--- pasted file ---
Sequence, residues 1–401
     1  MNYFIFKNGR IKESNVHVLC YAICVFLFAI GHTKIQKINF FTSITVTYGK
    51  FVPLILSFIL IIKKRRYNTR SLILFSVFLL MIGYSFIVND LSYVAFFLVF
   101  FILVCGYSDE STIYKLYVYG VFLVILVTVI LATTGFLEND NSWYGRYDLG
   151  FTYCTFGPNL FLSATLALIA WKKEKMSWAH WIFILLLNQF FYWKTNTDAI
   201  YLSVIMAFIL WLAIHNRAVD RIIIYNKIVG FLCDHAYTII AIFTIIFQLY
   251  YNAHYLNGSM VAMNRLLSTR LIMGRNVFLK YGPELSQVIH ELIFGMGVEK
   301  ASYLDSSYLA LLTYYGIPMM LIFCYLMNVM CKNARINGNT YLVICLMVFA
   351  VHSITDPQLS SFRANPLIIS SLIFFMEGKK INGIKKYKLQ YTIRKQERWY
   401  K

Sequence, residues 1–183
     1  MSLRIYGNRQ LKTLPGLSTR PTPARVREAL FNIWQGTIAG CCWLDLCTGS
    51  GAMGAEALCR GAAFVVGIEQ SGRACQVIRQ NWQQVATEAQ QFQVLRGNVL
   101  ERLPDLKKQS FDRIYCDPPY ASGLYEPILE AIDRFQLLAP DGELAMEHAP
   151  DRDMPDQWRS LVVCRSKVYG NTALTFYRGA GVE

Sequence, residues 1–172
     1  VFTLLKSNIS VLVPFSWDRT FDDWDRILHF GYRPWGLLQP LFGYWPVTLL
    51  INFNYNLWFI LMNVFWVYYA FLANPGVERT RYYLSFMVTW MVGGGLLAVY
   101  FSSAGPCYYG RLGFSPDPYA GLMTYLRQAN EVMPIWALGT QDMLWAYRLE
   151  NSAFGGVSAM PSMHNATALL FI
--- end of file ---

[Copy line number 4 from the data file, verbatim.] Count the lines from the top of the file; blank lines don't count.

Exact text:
   101  FILVCGYSDE STIYKLYVYG VFLVILVTVI LATTGFLEND NSWYGRYDLG